Pre-Western States Interviews with Roes, Koerner & Mackey

Pre-race interviews with Geoff Roes, Hal Koerner, and Dave Mackey ahead of the 2011 Western States 100.

By on June 16, 2011 | Comments

Western States 100 logoHere at iRunFar we couldn’t be more excited that the 2011 Western States 100 is only nine days off. Although there have been some unfortunate injuries to top competitors (Anton Krupicka – season long injury trouble and now leg fracture; Gary Robbins – broken foot), this still promises to be one of the most competitive 100 milers in history.

We’ve been fortunate enough to catch up with a number of top competitors to see how they’re feeling heading into the race. Below, we chat with top Americans in the race, including Geoff Roes, Hal Koerner, and Dave Mackey. In a companion article, we get updates from top foreign competitors such as Kilian Jornet, Nick Clark, Jez Bragg, Ian Sharman, and Tsuyoshi Kaburaki.

Geoff Roes

Geoff Roes smilingiRunFar: Last year you moved to Nederland, Colorado (in the mountains above Boulder) from Juneau, Alaska. How has your training over the past year compared with that prior to last year’s Western States?

Geoff Roes: Less running on snow this past winter than when I’m in Alaska through the winter. But I’ve now been back in Juneau for a month and been doing tons of stuff up high in the snow. Other than this, not much different than last year, just going out for runs in the mountains every day.

iRF: You’ve showed you’ve got speed this year with your win at the Chuckanut 50k and that you’ve still got your strength and endurance with your run at the DRTE 100 mile. How are you feeling about your fitness?

Roes: As good as ever. At least as far as I can tell.

iRF: Can you explain the reasoning behind your decision to forgo a crew and pacers at this year’s Western States?

Roes: This is my usual style for races. Having a crew and a pacer last year was quite unusual for me. Had a great time doing it that way last year, but I’m really excited to do this one in the style that I’m more used to. I want this race to feel as much like just going out for a long run in the mountains all day as possible.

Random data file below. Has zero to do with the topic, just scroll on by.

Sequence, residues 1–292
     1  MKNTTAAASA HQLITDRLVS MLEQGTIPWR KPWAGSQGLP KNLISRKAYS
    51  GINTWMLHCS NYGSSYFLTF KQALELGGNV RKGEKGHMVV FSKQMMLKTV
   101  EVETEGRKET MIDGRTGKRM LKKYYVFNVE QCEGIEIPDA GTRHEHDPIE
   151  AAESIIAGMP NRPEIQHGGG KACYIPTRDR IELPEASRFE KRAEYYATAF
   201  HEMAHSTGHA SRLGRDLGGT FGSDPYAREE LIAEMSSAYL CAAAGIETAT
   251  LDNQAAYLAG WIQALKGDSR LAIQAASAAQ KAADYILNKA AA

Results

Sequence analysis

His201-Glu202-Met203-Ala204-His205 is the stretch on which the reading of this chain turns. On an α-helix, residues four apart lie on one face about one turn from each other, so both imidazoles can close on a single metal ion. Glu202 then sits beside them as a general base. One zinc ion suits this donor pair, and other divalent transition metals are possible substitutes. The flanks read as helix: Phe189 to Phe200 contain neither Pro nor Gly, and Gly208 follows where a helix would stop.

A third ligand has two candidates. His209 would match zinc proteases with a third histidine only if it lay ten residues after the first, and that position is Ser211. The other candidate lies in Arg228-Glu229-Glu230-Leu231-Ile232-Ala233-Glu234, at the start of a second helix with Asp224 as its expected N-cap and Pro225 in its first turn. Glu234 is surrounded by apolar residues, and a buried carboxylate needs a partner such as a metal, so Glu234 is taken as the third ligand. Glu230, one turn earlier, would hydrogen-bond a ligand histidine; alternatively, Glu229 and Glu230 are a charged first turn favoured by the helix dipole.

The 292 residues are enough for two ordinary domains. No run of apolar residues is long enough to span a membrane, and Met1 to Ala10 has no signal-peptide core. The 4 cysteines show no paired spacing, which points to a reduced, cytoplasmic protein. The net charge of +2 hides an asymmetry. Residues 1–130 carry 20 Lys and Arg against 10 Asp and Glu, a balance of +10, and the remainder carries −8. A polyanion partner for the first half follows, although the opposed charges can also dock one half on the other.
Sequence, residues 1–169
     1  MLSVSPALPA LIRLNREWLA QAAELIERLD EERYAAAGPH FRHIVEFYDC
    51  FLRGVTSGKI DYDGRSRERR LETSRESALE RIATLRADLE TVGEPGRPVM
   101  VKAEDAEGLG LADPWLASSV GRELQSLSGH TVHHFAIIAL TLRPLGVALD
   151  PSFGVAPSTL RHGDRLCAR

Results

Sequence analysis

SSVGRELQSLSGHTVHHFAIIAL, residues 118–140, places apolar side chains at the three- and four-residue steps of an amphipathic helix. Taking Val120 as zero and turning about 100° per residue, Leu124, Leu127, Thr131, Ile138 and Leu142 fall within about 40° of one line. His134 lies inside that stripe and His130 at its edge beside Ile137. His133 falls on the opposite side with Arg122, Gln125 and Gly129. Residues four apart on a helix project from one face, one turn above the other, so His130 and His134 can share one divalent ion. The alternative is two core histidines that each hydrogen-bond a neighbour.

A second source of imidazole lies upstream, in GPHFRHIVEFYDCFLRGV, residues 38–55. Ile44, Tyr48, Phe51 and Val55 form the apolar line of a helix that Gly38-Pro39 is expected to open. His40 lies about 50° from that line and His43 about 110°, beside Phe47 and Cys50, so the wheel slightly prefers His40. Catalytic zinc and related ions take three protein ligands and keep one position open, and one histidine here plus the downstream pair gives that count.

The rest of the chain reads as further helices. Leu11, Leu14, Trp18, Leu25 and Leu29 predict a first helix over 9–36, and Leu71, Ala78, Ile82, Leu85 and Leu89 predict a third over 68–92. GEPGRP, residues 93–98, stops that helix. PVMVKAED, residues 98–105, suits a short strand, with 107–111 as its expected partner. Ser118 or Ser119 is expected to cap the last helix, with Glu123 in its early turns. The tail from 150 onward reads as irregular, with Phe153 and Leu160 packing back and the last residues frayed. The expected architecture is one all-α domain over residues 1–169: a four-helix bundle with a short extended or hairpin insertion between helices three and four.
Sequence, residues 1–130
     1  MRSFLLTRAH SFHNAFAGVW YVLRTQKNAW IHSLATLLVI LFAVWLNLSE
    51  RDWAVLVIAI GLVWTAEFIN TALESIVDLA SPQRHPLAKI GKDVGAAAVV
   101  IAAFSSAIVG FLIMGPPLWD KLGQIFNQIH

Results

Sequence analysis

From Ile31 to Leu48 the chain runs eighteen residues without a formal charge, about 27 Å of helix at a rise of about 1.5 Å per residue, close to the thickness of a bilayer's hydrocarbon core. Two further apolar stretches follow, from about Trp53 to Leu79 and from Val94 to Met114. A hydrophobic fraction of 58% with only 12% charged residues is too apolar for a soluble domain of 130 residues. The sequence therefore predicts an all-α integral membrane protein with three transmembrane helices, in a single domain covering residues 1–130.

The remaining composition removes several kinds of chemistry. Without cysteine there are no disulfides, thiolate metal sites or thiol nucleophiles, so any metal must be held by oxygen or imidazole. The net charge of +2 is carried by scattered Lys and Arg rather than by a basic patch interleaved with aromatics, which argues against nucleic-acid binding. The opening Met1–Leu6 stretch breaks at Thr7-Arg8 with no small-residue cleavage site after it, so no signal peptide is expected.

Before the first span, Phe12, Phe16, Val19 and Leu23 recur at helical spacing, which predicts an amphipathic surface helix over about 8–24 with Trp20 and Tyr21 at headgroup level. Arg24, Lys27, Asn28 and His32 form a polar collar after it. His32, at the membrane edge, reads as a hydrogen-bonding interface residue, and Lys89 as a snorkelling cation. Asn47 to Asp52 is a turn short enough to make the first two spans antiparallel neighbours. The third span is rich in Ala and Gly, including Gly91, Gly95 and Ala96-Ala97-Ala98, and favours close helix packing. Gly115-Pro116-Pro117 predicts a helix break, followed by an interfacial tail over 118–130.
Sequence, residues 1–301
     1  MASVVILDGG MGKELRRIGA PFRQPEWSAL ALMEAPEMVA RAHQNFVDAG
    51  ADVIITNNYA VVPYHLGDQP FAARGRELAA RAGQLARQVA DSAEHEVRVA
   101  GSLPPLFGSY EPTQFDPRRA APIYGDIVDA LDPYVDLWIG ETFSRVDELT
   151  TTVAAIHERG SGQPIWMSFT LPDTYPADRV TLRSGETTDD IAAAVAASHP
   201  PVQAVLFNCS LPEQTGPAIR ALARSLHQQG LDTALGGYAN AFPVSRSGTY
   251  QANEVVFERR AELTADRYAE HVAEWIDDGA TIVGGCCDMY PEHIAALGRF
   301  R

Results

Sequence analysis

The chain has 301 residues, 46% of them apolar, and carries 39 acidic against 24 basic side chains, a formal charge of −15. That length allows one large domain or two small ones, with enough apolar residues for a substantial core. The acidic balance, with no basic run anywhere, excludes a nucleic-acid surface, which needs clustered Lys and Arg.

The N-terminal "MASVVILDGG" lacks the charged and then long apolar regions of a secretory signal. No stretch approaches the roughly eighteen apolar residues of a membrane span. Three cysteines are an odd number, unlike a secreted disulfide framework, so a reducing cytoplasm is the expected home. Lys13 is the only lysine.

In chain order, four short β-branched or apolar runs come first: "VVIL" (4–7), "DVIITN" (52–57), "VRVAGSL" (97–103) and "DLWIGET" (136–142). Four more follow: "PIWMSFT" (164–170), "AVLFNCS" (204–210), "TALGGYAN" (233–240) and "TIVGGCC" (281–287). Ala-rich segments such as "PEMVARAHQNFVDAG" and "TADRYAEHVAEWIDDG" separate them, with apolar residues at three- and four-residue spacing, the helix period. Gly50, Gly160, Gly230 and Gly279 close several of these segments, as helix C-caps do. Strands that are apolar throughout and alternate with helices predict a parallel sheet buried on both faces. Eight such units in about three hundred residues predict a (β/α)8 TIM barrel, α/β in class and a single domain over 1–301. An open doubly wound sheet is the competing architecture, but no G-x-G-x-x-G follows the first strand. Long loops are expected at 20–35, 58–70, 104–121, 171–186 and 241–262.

iRF: Over the past year the fact that you’ve won each of your first eight 100 milers has received some attention. How do you deal with the expectations that come from that and the fact that you’re the defending Western States champion?

Roes: To be honest with you, I’ve been so focused on my day-to-day running for the past several weeks that I haven’t even really thought about any of the expectations of Western States this year. Right now, I’m thinking a lot more about the run I hope to do tomorrow than Western States.

Hal Koerner

Hal Koerner The North FaceiRunFar: You’ve put together one heck of a season so far. Of particular note are your 13:26 at the Rocky Raccoon 100 mile in February and third place finish at the Miwok 100 in May. How are you feeling about your fitness heading into Western States?

Hal Koerner: I’m feeling quite good.  It’s been a busy season so far and still all my races have gone according to plan, I see nothing different for Western States. Rocky Raccoon was a pleasant surprise in that it taught me I’ve had a solid career in ultras and a knack for letting 100 miles come to me, even when I’m not at my best. Miwok confirmed that I am getting stronger and that I continue to find ways to improve on the same courses (for the most part). Mostly, it’s that I still enjoy the hell out of it and that I’m excited to get to race against the best on the biggest stage once again.